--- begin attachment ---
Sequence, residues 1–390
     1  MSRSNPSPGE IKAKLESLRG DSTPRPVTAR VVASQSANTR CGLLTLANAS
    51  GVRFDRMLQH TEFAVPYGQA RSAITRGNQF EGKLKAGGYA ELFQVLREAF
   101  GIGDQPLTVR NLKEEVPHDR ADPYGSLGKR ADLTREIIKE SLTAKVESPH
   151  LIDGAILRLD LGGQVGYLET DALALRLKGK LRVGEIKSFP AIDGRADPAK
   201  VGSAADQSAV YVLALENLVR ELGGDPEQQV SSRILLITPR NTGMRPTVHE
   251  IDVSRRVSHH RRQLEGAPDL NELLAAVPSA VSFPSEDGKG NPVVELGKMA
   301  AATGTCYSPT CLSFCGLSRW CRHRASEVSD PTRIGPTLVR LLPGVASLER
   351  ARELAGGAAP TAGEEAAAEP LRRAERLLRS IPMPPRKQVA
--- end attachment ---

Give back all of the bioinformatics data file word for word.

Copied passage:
Sequence, residues 1–390
     1  MSRSNPSPGE IKAKLESLRG DSTPRPVTAR VVASQSANTR CGLLTLANAS
    51  GVRFDRMLQH TEFAVPYGQA RSAITRGNQF EGKLKAGGYA ELFQVLREAF
   101  GIGDQPLTVR NLKEEVPHDR ADPYGSLGKR ADLTREIIKE SLTAKVESPH
   151  LIDGAILRLD LGGQVGYLET DALALRLKGK LRVGEIKSFP AIDGRADPAK
   201  VGSAADQSAV YVLALENLVR ELGGDPEQQV SSRILLITPR NTGMRPTVHE
   251  IDVSRRVSHH RRQLEGAPDL NELLAAVPSA VSFPSEDGKG NPVVELGKMA
   301  AATGTCYSPT CLSFCGLSRW CRHRASEVSD PTRIGPTLVR LLPGVASLER
   351  ARELAGGAAP TAGEEAAAEP LRRAERLLRS IPMPPRKQVA